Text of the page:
Some married couples have agreements to keep their assets separate from each other. This can be beneficial for many reasons, especially if they are both on a second marriage and have independent sources of income. This can complicate things if one of the spouses needs to go into a nursing home and have Medicaid pay for their care.
Sometimes the couple will jointly decide to just spend down the assets of the spouse needing long-term care and leave the other spouse with his or her assets. For Medicaid purposes, that will not work. Medicaid will ignore the spousal agreement and will consider the assets of each spouse, when determining eligibility as My San Antonio explains in "Protecting separate assets from Medicaid."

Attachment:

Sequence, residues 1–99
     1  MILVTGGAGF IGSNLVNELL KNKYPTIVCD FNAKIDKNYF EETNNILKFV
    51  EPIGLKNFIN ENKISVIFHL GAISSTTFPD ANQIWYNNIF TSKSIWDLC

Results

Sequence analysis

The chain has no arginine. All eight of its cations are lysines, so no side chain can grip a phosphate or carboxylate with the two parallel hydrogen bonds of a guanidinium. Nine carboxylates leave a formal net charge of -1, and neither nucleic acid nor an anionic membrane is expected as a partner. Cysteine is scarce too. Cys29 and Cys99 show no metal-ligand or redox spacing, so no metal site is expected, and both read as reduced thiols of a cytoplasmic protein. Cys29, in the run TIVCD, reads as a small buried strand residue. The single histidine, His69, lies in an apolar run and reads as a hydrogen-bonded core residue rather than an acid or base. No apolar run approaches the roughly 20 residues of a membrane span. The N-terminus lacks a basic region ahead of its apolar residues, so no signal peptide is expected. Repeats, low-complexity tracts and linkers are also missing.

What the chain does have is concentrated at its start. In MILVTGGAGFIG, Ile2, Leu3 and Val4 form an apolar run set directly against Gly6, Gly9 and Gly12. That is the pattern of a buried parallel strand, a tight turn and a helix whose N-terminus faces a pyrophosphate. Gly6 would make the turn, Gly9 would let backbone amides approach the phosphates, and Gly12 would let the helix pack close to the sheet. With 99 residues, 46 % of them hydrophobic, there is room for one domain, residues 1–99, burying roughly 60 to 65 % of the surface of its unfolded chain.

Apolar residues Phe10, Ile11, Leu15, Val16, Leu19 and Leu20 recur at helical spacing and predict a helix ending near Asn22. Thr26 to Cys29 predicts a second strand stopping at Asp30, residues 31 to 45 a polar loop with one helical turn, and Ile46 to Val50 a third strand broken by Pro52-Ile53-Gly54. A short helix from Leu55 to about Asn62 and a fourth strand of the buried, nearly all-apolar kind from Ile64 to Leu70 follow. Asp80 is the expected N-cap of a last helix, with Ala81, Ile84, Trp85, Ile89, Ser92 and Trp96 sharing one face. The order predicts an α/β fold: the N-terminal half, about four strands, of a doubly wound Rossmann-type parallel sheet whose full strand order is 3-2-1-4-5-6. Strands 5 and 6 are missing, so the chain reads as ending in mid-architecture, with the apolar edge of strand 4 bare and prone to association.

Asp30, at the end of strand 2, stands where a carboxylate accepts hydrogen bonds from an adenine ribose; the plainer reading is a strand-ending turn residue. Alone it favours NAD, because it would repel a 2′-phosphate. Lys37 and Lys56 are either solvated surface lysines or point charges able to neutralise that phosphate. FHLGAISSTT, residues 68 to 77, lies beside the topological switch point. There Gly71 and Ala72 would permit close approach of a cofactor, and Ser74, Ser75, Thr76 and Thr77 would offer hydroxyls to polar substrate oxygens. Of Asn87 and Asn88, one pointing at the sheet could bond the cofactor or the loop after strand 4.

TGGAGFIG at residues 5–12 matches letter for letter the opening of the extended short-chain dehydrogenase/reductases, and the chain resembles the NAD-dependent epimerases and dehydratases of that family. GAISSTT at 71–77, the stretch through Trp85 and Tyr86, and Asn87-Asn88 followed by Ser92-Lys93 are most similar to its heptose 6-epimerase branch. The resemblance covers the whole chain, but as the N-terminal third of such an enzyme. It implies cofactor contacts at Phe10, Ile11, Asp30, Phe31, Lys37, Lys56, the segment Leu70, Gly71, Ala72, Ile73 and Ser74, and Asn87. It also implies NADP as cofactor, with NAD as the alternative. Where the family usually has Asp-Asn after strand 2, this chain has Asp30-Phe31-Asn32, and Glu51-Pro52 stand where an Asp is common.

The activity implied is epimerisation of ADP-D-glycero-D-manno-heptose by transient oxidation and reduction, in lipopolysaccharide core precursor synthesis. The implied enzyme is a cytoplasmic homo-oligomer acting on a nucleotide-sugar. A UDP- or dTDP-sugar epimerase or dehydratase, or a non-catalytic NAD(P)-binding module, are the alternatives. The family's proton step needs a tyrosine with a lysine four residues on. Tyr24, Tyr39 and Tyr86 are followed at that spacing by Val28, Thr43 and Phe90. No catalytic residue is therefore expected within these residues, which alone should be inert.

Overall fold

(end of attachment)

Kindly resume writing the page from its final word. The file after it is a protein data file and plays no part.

There are potentially a couple of ways around this problem. If the couple gets divorced, then the one spouse's assets will not count against the other spouse. Understandably, many people are reluctant to divorce even for getting coverage for a nursing home stay. There is also an income-based program that some people could qualify under, but the rules can be complicated.
If you think that you might need Medicaid to pay for your nursing home stay at some point, you should discuss how you can make yourself eligible with an elder law attorney without delay.
Reference: My San Antonio (May 4, 2018) "Protecting separate assets from Medicaid."